Archivos de diario de febrero 2022

02 de febrero de 2022

Powder Horn Lichens Clarified

Quotation from the Notes from this link:

Lichen terms used in the quote, and their meaning:
thallus Not in the quote below. Lichens, whether tiny and dust-like or large and dinner-plate-like, or ribbon-like, or shrub-like, have the main body made of a stacked layer of cells called a "thallus". The thicker the stack, the more differentiated the cell layers tend to be - no surprises there.
squamule = small thallus: Note: All lichens have a thallus. The Cladonia species are small lichens and thus have small thalli, and lichenologists call these small thalli "squamules".
podetium (plural = podetia) You may know the word "podium", and a podetium might as well be called a podium [autocorrect strongly agrees - try writing the word "podetium" and see what happens!]. The Cladonia species of lichens hold/present their spore-bearing structures at the end of a podium, sorry, podetium. The shape of the podetium varies from species to species, and can be useful in identification.
corticate like rough tree bark
rugose furrowed, like corduroy cloth
soredia A botanist would use the term "gemmules", for soredia. Soredia (and gemmules) are packets of cells that are clones (have exactly the same genetic material) as the lichen (plant); each soredia (gemmule) is capable of growing into a new lichen (plant). Soredia (and gemmules) are a means by which the lichen (or plant) clones itself.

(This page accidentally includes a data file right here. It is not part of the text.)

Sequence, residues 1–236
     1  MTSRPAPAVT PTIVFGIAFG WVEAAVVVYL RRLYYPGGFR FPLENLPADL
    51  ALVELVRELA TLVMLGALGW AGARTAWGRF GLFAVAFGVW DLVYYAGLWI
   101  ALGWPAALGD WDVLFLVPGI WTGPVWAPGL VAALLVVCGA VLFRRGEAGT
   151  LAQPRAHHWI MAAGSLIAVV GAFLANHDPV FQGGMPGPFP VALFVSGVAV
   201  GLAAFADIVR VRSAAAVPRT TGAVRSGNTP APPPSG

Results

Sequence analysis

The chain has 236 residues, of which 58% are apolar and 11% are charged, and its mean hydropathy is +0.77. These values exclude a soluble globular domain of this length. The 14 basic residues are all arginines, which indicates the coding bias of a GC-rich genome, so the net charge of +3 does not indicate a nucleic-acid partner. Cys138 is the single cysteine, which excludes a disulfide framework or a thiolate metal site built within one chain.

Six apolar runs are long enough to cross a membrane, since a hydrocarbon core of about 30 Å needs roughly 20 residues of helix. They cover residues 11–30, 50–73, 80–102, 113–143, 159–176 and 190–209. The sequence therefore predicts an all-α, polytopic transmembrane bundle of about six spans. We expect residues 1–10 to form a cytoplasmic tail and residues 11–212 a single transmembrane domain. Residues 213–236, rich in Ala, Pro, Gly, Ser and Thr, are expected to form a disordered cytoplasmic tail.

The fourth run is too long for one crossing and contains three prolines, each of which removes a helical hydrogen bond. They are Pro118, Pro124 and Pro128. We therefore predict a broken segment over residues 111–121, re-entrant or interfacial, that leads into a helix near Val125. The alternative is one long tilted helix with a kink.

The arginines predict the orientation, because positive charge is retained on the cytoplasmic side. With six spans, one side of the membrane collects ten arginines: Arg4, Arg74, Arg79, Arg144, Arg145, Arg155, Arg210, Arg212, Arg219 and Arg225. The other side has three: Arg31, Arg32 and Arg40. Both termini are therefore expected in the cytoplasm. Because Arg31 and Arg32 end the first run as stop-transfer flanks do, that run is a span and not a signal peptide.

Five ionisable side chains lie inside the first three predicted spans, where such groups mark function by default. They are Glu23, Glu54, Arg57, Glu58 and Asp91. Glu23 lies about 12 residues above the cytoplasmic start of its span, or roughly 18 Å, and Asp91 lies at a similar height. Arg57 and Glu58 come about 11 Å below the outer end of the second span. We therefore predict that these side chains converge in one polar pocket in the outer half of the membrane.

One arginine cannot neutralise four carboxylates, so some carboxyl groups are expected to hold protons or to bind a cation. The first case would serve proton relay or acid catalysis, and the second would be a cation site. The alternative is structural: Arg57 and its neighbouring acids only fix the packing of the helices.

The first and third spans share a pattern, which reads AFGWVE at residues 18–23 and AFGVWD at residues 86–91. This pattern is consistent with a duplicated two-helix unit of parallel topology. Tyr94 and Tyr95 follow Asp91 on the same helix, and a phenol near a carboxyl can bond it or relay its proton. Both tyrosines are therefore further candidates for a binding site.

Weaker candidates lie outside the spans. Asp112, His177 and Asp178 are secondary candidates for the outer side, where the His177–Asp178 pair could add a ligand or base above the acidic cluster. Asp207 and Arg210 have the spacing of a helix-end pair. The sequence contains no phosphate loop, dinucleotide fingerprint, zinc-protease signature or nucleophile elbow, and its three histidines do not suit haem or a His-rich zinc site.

soralia A structure that produces soredia. The shape of the structure can be useful in identification.
farinose powdery texture of wheat flour
erumpent Eruptive; bursting forth through the surface. So why not just say eruptive?

"Cladonia coniocraea and C. ochrochlora are morphologically very similar, and some authors are inclined to unite them. The present treatment is provisional. The squamules of C. coniocraea are always deeply incised, whereas the margins of the squamules of C. ochrochlora can be nearly entire. Cladonia coniocraea is usually found without cups, but C. ochrochlora rarely lacks them completely. The base of the podetium in C. coniocraea is only thinly corticate, while the cortex of C. ochrochlora is thick, extends beyond the immediate base, and is often longitudinally rugose. The soredia of the present taxon are usually farinose, rarely occurring in small, diffuse soralia; soredia in C. ochrochlora are variable, but are usually larger than those of C. coniocraea, and often largely occur in well defined, erumpent soralia. The podetia of C. coniocraea are greenish rather than gray, fairly slender, usually not more than 1.5 mm diameter, and are usually straight. The podetia of C. ochrochlora have a grayish tint, are generally thicker, and are often somewhat branched and twisted (Hammer 1993)."

"The base of the podetium in C. coniocraea [Common Powderhorn] is only thinly corticate, while the cortex of C. ochrochlora is thick . . ."

Translation by yours truly . . .

The base of the horn-like podium in Common Powderhorn, Cladonia coniocraea has only a thin bark (is often smooth), while the bark of the Smooth-footed Powderhorn, C. ochrochlora is thick. Yes, you read that correctly, and yes, I translated it correctly. The Smooth-footed Powder Horn actually has a rough foot, whilst the Common Powderhorn tends to have a smooth foot. It is all clear as mud.

If a common name is to be helpful, it should be, well, helpful.

Publicado el 02 de febrero de 2022 por mjpapay mjpapay